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Finding derivative of a function

  1. Oct 7, 2008 #1
    1. The problem statement, all variables and given/known data
    Use the definition of the derivative limh->0 f(x+h)-f(x)
    to show that the derivative of f(x)=x3 is f`(x)=3x2

    limits and derivatives are very confusing to me. I got lost after the first two steps and I'm not sure if they are correct. I think the next step is to get rid of h, but I don't know how to go about it. Any help or suggestions would be much appreciated. Thanks!
    p.s. the "_____" don't mean anything, I just couldn't figure out how to do a space.
    2. Relevant equations

    3. The attempt at a solution
    = (x+h)(x+h)(x+h)-x3
    Last edited: Oct 7, 2008
  2. jcsd
  3. Oct 7, 2008 #2
    Take the exponent and multiply it by the coefficient in this case 1. You get 3x. Then subtract 1 from the exponent, 3, and you get 2. Giving you 3x2

  4. Oct 7, 2008 #3


    User Avatar
    Staff Emeritus
    Science Advisor

    Why not try expanding out the numerator?

    As the OP states, he is required to calculate this using the definition on the derivative. Also, please note in future that we do not give out full solutions in the homework forums, only tutorial advice.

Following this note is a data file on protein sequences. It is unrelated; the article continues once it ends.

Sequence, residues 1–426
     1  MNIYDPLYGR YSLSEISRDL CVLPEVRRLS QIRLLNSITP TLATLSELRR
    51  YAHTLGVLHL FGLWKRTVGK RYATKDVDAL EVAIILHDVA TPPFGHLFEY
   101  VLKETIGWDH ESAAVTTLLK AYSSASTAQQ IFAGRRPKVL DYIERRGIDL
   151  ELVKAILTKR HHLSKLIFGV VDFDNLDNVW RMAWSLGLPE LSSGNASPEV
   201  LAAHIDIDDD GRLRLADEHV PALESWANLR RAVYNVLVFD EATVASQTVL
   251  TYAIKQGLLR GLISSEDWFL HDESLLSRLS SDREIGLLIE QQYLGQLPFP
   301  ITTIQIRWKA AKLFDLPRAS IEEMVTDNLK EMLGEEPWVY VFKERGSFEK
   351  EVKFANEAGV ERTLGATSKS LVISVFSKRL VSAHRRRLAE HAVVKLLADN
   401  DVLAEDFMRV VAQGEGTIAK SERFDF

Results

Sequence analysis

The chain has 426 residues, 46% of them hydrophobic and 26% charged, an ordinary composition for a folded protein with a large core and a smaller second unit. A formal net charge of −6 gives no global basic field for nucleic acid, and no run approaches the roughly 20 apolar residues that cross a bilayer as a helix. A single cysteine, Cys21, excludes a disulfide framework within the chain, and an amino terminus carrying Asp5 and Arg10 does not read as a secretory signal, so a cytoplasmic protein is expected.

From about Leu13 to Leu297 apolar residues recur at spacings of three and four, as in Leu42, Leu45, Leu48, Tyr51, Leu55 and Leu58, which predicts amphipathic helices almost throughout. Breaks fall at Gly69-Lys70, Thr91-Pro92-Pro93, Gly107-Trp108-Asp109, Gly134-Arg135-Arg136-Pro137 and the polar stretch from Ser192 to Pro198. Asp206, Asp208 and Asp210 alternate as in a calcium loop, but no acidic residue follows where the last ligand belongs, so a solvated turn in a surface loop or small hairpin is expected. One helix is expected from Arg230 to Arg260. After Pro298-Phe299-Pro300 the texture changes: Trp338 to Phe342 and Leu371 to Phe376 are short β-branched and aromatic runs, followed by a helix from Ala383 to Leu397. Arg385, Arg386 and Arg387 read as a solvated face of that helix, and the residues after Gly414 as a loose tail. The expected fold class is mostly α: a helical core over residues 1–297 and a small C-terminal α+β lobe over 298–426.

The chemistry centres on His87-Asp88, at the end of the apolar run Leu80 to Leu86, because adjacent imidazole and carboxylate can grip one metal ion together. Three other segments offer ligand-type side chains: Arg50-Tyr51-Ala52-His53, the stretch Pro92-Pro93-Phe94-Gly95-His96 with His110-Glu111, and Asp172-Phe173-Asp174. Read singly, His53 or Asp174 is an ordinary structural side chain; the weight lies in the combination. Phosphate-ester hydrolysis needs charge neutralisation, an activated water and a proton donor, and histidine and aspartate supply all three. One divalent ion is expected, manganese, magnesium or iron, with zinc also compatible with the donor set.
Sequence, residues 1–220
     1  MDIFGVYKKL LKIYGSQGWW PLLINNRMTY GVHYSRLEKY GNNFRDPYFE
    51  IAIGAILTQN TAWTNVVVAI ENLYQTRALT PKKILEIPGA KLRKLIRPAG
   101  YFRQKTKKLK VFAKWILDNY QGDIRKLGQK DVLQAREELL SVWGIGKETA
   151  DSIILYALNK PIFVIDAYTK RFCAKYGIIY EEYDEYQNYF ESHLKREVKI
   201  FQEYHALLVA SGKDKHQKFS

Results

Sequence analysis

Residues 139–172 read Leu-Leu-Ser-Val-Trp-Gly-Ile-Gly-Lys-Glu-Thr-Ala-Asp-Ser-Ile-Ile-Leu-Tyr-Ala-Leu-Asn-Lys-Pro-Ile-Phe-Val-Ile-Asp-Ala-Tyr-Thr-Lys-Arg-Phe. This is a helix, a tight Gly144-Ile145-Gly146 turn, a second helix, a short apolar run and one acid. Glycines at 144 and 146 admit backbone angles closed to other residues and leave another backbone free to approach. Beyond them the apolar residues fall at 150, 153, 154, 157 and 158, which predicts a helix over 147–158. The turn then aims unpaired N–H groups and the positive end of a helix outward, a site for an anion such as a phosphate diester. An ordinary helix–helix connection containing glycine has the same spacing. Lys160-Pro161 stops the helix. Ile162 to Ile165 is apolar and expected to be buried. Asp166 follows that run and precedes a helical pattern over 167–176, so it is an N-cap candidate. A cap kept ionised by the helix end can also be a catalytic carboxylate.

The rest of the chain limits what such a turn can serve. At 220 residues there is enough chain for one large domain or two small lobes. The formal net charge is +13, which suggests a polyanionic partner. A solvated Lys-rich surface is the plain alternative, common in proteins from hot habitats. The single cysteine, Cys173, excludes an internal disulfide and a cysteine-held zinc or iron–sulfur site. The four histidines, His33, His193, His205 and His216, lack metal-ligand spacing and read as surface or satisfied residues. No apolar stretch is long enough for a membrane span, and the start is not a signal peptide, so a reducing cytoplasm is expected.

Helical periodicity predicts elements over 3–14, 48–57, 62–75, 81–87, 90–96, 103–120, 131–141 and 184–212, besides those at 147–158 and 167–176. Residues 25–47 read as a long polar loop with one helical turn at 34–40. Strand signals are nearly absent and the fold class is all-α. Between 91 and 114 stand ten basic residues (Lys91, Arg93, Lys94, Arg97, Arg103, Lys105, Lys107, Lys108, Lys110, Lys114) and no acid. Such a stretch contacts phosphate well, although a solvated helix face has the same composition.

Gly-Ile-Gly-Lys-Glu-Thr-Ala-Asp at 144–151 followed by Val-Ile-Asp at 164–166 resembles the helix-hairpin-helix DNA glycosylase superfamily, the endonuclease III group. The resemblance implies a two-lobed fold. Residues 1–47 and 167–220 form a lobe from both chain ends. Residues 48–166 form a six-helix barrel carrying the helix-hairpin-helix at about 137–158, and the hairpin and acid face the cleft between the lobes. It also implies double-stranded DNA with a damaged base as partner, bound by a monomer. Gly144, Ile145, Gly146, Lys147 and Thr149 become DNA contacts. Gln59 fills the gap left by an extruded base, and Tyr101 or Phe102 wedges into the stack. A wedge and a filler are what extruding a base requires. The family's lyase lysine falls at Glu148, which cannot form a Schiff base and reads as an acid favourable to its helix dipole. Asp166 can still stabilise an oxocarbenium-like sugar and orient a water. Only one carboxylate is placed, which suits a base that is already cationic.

5. Oct 7, 2008 #4
    I can expand the first two parts to get (x2+2xh+h2)(x+h)
    I'm not really sure what how to multiply x and 2xh or x and h2. I don't think you can, can you?
    Youd have to write it as x3+(x)(2xh)+(h)(2xh)+(x)(h2)+(h)(x2)+h3-x3/h

    then take out the x3 and -x3

    somehow I have to get rid of those xh's and h's and x2.
  6. Oct 8, 2008 #5


    Staff: Mentor

    I can multiply them, even if you can't. To multiply (x2+2xh+h2) by (x + h), multiply all the terms in the first expression by x, and then multiply the terms in the first expression by h.

    For example, one of the terms in the first expression is 2xh. When you multiply this by x, you get 2x2h, and when you multiply the same term by h, you get 2xh2. You'll end up with six terms, and sum of the terms are like expressions (they differ only in their coefficients). Group together the like terms and add their coefficients. You should end up with four terms.

    Next, subtract the x3. All the terms that are left will have at least one factor of h, so you can factor it out and cancel with the h in the denominator.

    At that point you're ready to take the limit as h --> 0, and you should end up with the derivative you're looking for.
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